Isn’t it interesting that King moves from horrifying violence and poverty to a more middle class exclusion from a theme park? Perhaps this seems particularly noteworthy in the light of subsequent events, where the black middle class can now participate in most things it can afford, but violence and poverty are still realities. There is a side historiographical conversation about how King’s legacy has been tamed by “the media” (Singh and Hall are two I can think of)–an idea I intuitively agree with, but that needs more step-by-step analysis.

But what about King’s claim that “Wait” means “Never”? There are so many elements in that statement. One is youth. Anna Arnold Hedgeman, in her autobiography, remembered a similar fierceness in her early years with the YWCA in the 1920s. She got so frustrated with white board members controlling the finances of black “neighborhood” (read segregated) branches and then telling her and her cohort to be patient, to wait for change. And yet, it was the years that Arnold Hedgeman worked in the YWCA, in the New York Mayor’s first Equal Employment office, and with A. Philip Randolph to produce the March on Washington that did produce change.

There is a passion among the young to change the world right now. By placing his demands for rights and for change within waiting for 340 years, King glosses over the changes that had occurred since the constitution. He needed to–his essay was one of the most masterful and powerful pieces of persuasion in the twentieth century. I can’t imagine it not being read for many more centuries.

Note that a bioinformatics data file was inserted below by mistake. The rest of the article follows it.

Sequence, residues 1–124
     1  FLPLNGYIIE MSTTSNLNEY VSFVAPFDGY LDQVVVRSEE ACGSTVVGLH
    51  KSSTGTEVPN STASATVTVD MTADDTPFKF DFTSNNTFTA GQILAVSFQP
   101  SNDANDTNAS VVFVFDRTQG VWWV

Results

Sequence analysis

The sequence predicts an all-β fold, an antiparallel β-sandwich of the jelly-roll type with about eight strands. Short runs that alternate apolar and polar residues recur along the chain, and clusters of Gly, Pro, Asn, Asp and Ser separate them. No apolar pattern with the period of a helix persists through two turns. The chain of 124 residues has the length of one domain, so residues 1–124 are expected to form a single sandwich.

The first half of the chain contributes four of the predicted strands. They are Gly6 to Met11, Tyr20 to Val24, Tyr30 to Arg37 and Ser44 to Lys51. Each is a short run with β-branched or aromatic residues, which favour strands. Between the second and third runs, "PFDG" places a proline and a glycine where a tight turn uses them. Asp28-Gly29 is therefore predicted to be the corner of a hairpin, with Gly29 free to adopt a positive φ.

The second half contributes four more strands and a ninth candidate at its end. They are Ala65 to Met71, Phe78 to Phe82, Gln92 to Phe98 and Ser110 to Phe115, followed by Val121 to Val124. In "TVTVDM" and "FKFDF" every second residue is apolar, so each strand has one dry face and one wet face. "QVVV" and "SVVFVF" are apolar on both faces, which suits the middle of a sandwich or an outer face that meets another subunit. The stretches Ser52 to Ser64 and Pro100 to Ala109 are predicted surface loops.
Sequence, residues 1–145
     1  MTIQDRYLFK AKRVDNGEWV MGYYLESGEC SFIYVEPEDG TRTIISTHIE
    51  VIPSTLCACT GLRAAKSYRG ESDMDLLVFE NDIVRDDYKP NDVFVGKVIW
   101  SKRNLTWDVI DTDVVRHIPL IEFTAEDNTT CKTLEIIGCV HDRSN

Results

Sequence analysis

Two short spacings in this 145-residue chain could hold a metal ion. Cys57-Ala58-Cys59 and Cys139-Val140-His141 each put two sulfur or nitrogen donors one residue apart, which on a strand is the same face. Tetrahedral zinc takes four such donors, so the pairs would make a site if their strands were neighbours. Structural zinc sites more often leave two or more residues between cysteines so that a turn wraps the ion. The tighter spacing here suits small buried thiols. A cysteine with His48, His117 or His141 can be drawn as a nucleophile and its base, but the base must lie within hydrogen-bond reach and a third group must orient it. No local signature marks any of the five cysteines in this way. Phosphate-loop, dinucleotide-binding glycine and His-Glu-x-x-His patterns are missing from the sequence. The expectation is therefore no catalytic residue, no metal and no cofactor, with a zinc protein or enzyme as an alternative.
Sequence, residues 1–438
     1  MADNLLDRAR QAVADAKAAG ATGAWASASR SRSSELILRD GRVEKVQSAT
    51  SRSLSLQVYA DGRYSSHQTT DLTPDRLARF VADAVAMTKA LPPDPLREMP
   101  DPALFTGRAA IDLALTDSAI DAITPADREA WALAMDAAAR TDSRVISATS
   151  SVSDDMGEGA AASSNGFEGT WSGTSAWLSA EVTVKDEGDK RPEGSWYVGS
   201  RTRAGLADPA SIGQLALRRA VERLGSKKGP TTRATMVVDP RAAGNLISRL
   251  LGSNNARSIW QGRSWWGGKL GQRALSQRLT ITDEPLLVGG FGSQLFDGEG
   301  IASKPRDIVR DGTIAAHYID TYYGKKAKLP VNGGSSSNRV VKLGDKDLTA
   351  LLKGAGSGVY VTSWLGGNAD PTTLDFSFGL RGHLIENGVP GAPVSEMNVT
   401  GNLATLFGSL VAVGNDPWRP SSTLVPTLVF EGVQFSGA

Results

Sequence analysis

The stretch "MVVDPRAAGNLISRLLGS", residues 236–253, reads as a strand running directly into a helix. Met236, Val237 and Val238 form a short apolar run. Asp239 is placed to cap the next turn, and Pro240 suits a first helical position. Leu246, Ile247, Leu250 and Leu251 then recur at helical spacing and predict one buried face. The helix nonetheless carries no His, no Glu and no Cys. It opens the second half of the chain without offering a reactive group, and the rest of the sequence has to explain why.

I’m starting to realize that one of the contributions of my dissertation is witnessing slow change by people who advocated patience (while working) and by people who criticized the patient. Perhaps that is one of the major differences between the interwar generation of black leaders and the Civil Rights Movement generation. Even as I write that, I do not want to make it seem that African Americans ever just accepted Jim Crow in the way that King tears apart. But they did live with it, while working against it. And that living and working make for fascinating study.

Did the group I study lay the foundations for the Civil Rights Movement or turn into the “complacent” that King found himself fighting?